Outward Mindset Grows
Last week we talked about the most pervasive and distructive mindset here. When we are in an inward mindset we think others don’t matter like I matter. You may view people as objects and not actually as human beings. In order to be in an inward mindset, we have to dehumanize people to view them as objects.
What are the consequences for this mindset? Relationships are ruined over petty things, employees relationships are hurt, your ability to truly help people is compromised. Sounds pretty bad, but in this article our focus is to explain the mindset that will get you the results you want for your business.
The outward mindset is the missing link to your business success. In fact, the McKinsey Group (global consulting firm) stated
“Organizations that identify and address pervasive mindsets at the outset are four times more likely to succeed in organizational-change efforts than are companies that overlook this stage.”
In addition, there are preliminary studies being conducted currently, showing that when organizations focus on shifting to an outward mindset, employee and supervisor job satisfaction increase and staff cohesiveness grow.
Now that you can see the possibilities with this, I want to share what it is. Imagine a shift, so that you are aware of what is going on around you. According to the Arbinger
“An outward mindset means that I am aware of, and interested in, other people’s needs, objectives, and challenges, not just my own.”
Applying this to a bigger organization, employees know they are part of a bigger objective and they know their role is important, but they perform their roles in a way that helps other to be successful in their mission.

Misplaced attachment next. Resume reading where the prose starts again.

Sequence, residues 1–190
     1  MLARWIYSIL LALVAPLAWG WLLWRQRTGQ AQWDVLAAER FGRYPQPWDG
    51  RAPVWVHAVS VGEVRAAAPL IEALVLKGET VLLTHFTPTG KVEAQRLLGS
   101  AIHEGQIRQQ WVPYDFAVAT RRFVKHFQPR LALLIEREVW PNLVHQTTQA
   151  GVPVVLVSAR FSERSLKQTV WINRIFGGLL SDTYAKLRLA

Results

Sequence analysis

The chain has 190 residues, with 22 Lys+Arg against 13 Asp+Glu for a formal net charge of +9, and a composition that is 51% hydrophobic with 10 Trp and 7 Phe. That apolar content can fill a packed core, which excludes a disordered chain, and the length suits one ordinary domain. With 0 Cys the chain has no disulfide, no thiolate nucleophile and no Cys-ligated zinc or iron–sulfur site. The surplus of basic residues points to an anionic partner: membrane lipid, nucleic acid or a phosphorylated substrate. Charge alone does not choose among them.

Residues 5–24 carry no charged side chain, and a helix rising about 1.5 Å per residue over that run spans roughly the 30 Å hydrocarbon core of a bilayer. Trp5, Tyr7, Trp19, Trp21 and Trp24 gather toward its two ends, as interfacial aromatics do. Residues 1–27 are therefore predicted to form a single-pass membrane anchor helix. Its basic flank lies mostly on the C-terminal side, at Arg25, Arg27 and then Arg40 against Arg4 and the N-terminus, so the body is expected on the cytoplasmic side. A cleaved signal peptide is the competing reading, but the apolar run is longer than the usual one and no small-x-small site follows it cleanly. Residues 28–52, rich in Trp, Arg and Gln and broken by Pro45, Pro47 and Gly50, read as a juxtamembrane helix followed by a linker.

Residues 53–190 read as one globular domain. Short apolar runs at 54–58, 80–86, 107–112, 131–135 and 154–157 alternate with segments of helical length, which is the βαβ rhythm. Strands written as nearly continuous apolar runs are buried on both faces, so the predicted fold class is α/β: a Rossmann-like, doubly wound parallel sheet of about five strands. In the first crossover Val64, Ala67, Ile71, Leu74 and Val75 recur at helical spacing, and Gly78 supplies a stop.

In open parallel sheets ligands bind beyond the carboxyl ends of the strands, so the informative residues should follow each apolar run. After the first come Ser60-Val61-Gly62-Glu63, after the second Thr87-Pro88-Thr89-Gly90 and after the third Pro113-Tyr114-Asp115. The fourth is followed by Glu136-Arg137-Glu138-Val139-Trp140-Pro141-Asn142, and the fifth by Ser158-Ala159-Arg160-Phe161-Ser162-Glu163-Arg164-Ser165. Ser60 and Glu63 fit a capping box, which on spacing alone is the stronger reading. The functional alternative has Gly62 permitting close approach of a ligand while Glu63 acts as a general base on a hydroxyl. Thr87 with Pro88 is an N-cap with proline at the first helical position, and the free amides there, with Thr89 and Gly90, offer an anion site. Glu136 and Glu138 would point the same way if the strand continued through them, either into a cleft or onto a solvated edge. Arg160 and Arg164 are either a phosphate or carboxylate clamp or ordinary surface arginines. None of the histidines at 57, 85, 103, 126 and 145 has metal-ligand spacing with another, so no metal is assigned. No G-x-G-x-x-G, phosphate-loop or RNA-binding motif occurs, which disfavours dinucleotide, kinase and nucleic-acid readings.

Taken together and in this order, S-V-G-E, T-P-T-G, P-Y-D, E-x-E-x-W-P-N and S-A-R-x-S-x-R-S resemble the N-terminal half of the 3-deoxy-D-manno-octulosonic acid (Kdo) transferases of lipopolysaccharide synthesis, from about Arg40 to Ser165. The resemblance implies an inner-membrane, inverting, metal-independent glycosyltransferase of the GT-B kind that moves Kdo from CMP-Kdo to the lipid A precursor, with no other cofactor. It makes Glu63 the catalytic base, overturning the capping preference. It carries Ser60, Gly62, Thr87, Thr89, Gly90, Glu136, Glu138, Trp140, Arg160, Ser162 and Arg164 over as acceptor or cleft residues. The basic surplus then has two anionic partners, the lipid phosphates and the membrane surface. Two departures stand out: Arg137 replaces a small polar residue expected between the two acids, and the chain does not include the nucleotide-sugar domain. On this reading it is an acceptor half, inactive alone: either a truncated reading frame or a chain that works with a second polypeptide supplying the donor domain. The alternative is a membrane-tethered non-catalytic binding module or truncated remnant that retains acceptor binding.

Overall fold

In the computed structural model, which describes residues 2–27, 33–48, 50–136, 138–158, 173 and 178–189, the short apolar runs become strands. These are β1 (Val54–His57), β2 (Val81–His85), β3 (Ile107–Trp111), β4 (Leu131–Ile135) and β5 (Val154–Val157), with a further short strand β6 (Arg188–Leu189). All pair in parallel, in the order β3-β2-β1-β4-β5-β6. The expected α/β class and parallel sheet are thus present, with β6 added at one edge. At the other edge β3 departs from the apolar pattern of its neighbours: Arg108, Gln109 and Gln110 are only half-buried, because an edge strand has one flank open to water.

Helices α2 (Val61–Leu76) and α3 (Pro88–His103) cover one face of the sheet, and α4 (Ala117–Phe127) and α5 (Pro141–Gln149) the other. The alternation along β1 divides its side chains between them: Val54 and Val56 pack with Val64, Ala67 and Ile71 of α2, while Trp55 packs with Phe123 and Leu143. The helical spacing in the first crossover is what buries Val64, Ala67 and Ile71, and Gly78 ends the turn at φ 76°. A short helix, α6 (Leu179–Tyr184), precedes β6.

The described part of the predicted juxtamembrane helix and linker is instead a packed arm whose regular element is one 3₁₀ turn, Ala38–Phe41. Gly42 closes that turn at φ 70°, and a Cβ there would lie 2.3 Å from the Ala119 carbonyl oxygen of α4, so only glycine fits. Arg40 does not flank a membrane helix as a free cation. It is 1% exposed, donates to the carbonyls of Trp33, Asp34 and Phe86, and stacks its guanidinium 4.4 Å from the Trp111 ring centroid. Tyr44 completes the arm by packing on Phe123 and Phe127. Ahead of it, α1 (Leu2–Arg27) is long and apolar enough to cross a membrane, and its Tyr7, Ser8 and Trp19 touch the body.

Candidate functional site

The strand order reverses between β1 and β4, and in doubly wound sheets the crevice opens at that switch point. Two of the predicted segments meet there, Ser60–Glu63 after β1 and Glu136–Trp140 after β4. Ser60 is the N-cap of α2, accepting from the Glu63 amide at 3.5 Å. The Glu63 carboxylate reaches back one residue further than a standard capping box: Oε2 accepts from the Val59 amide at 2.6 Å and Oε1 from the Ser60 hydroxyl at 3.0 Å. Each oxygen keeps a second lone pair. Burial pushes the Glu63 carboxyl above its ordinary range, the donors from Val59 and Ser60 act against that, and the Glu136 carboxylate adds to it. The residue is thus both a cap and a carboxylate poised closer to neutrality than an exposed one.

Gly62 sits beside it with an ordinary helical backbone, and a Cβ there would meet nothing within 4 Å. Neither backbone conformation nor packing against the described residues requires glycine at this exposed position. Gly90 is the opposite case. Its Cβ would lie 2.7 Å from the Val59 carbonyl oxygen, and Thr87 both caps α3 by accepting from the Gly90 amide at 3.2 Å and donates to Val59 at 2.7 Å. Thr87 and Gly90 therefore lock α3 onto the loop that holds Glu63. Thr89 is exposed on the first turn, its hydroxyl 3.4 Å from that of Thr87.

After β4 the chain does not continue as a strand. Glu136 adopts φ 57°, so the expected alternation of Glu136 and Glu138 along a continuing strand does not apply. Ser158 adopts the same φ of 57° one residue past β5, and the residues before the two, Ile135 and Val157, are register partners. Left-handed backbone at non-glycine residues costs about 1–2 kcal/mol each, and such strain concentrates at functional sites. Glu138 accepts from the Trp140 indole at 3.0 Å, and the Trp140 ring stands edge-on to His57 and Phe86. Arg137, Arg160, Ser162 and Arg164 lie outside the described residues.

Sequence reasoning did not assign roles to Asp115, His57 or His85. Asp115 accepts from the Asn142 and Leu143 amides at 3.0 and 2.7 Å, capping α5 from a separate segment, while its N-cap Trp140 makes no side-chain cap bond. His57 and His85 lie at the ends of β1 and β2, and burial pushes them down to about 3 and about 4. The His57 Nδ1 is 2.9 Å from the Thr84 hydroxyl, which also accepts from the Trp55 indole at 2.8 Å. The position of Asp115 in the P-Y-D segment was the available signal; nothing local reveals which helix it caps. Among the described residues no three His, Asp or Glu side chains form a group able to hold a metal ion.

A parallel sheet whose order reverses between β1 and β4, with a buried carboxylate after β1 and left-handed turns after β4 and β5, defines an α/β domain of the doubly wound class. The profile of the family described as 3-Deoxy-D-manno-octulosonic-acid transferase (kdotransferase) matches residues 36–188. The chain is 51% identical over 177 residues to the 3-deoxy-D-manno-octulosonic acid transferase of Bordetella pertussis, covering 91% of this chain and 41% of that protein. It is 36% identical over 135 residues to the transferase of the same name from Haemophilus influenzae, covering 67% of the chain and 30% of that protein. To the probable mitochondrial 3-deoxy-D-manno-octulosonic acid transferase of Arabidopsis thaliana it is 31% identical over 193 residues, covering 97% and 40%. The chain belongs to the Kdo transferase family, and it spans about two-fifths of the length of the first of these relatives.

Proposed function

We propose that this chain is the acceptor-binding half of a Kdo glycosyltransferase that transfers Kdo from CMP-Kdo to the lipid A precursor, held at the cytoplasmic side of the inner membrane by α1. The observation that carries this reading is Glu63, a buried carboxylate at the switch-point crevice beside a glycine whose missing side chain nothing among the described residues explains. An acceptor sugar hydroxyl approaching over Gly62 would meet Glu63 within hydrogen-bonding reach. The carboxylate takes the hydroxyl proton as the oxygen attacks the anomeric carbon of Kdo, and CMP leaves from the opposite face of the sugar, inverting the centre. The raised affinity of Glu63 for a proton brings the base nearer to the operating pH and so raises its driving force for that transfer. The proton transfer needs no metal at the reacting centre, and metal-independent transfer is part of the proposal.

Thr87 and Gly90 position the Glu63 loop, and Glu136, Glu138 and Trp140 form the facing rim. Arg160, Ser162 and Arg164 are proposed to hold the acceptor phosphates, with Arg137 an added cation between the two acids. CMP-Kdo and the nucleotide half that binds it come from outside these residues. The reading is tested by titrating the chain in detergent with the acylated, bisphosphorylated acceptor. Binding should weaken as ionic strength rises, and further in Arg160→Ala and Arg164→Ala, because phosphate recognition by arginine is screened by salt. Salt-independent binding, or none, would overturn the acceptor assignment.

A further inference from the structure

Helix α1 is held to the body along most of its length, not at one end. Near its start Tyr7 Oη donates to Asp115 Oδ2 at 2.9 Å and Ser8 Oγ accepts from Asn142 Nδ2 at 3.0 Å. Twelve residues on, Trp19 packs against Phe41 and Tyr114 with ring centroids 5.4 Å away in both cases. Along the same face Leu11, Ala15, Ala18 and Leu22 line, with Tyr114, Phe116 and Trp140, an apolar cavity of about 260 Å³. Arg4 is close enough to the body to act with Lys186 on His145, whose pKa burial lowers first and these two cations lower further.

One important factor of this mindset that is often confused is the concept of being “nice”. When I teach an Arbinger course, almost every class someone says
“so this mindset thing is just being nice to people.”
This is the farthest thing from the truth. In an outward mindset you care about others and their success. Sometimes letting people succeed means you have to let them fail or figure it out on their own. A good example of this is employees that are slacking off or turn in sub-standard work. Supervisors that let the employee get away with sub par work, do you think they care about that employee? Probably not, and as a result will probably put them in an inward mindset.
I hope this gives you a good foundation for an outward mindset. For further information please read Arbinger Institute list of works. If this is the first article you are reading, start the series at the beginning…